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From The CriticsReviewer: Anton M Somlai, Ed.D. (Medical College of Wisconsin)
Description: The Institute of Medicine (IOM) was commissioned by HRSA and the Centers for Disease Control and Prevention (CDC) to conduct a study in response to a congressional mandate in the Ryan White CARE Act Amendments of 2000. The charge was to: (1) assess whether reported HIV cases were adequate, reliable, and sufficiently accurate in formula grants; (2) identify data and tools for assessing a community's severity of need for allocation decisions; and (3) identify available health outcomes and other data that can be used to measure the quality of and access to RWCA-funded services.
Purpose: The purpose of the book was to describe the committee recommendations in addressing how HIV data can be used in Title I and II allocation formulas, describing what information was needed to estimate the severity of need for resources, and developing recommendations for quality-of-care measures. The book is needed because inequities in reporting HIV cases significantly affects the resources that states will have available in addressing the HIV/AIDS epidemic. The book does an excellent and thorough job in providing recommendations that specifically address Congressional mandates for RWCA.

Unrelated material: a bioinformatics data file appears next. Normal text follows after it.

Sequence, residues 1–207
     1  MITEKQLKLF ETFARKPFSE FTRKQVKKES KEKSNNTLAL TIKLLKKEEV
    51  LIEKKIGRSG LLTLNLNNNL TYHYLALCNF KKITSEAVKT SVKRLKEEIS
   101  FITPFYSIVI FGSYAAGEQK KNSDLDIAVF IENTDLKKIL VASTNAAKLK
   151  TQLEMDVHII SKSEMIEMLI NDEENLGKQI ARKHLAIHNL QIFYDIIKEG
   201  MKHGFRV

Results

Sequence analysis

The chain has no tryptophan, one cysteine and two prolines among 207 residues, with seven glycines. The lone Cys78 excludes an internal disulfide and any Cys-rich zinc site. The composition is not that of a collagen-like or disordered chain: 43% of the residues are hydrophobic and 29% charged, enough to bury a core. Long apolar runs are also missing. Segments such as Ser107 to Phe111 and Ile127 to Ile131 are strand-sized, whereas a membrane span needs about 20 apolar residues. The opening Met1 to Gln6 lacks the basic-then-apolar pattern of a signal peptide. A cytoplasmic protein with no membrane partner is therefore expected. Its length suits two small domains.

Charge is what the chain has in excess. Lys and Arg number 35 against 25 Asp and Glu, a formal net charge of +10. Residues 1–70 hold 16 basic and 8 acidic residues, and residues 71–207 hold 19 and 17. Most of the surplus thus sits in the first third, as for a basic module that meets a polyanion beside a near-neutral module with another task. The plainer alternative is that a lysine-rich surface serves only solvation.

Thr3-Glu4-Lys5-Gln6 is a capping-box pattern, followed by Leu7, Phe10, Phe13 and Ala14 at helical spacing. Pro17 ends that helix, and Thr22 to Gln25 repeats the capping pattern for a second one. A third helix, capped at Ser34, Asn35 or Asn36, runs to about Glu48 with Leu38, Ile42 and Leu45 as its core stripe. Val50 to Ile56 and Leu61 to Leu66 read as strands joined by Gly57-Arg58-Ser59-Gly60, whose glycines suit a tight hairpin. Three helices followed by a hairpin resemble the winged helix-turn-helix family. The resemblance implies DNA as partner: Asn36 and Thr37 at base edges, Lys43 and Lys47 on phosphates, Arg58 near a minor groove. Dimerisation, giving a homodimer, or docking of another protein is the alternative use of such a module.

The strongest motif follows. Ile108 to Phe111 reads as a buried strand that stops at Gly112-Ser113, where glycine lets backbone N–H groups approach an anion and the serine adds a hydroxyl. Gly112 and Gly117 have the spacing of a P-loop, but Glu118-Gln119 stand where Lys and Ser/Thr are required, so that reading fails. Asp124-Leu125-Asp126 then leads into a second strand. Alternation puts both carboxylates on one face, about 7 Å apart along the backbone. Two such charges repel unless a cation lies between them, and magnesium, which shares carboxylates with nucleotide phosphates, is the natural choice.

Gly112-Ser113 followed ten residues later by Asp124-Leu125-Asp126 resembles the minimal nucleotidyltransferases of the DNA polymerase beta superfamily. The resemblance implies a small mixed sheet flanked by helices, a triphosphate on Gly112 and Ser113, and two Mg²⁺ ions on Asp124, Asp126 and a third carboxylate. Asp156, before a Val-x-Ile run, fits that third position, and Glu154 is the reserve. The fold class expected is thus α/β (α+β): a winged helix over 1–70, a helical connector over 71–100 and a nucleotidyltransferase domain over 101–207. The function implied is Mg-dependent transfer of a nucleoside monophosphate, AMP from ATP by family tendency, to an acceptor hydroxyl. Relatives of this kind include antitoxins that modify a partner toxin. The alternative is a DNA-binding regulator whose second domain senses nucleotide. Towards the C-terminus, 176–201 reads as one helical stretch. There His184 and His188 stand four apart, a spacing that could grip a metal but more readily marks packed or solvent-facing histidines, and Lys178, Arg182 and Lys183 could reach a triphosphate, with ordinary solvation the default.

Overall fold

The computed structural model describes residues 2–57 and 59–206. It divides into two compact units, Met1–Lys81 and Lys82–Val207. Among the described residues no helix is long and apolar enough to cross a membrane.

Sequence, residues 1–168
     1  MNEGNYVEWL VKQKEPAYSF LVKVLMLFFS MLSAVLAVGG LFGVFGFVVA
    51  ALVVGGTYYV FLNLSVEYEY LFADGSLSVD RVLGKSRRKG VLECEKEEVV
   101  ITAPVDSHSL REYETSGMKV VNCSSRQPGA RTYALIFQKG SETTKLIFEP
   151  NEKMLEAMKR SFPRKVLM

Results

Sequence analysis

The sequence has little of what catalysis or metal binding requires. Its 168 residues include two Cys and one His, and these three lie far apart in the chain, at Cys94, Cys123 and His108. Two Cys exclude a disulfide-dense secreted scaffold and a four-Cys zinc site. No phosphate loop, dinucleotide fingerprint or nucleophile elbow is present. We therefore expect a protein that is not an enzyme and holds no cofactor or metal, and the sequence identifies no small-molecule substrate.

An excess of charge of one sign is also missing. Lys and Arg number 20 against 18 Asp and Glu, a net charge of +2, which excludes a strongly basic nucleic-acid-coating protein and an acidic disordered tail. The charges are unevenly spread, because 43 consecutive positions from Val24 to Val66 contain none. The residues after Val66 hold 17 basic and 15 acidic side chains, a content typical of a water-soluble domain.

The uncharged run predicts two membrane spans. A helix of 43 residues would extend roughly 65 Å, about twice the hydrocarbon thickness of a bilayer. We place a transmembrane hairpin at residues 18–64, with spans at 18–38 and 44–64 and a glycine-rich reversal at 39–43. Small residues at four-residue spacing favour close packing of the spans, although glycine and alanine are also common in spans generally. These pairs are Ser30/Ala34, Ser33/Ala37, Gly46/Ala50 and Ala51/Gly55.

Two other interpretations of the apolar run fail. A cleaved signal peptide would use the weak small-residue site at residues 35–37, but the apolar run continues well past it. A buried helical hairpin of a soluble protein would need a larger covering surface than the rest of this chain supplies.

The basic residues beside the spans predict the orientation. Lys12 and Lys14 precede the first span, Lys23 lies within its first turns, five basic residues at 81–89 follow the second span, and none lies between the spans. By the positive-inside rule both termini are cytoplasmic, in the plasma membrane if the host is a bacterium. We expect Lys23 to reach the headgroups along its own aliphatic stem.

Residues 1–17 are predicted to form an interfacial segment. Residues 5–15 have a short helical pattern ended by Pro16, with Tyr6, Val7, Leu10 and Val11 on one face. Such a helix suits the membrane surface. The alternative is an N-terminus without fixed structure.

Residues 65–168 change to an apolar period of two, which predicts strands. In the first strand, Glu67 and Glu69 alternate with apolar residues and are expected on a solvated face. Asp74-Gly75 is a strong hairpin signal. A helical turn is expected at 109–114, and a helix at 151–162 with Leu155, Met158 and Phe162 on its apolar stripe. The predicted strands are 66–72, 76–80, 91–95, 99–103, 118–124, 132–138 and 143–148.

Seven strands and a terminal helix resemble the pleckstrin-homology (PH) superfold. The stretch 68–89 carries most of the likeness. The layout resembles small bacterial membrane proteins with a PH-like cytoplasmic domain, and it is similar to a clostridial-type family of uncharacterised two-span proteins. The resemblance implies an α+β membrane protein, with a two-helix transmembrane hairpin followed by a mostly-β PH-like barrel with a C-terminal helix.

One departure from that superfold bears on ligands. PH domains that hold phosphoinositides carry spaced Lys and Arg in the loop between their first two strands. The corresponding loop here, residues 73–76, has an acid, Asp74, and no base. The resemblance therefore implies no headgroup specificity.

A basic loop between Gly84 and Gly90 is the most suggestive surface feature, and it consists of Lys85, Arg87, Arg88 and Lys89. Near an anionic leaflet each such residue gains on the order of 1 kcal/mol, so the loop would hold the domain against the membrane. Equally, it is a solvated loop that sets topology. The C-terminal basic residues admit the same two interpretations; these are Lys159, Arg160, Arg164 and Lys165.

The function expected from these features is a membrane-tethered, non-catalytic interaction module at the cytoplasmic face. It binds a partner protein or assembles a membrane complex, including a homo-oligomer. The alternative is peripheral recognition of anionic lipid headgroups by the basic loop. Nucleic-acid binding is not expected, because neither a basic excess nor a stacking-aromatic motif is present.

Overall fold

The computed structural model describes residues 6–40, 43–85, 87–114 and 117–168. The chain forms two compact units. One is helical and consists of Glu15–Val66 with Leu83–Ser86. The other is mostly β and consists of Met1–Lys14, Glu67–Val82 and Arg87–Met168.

Audience: This book is intended for individuals involved with health care policy, community planning, community health systems, health sciences, front-line providers, and health prevention/disease prevention researchers. Additionally, the book addresses congressional concern regarding fund allocation and would be of benefit to key decision makers in AIDS care funding.
Features: The book addresses potential inequalities in health care across the four major program titles (I-IV) in the Ryan White Act. The strength of the book is in how it addresses the problems regarding equitability of allocations across states and providers of services. Given an extremely complex charge, the book is highly fluid and responsive in providing recommendations that will impact future resources.
Assessment: This book is extremely important given limited resources in governmental funding of prevention initiatives. The findings and recommendations are a benchmark for estimating resource needs by a complex array of factors, including disease burden, the cost of providing care, and available resources.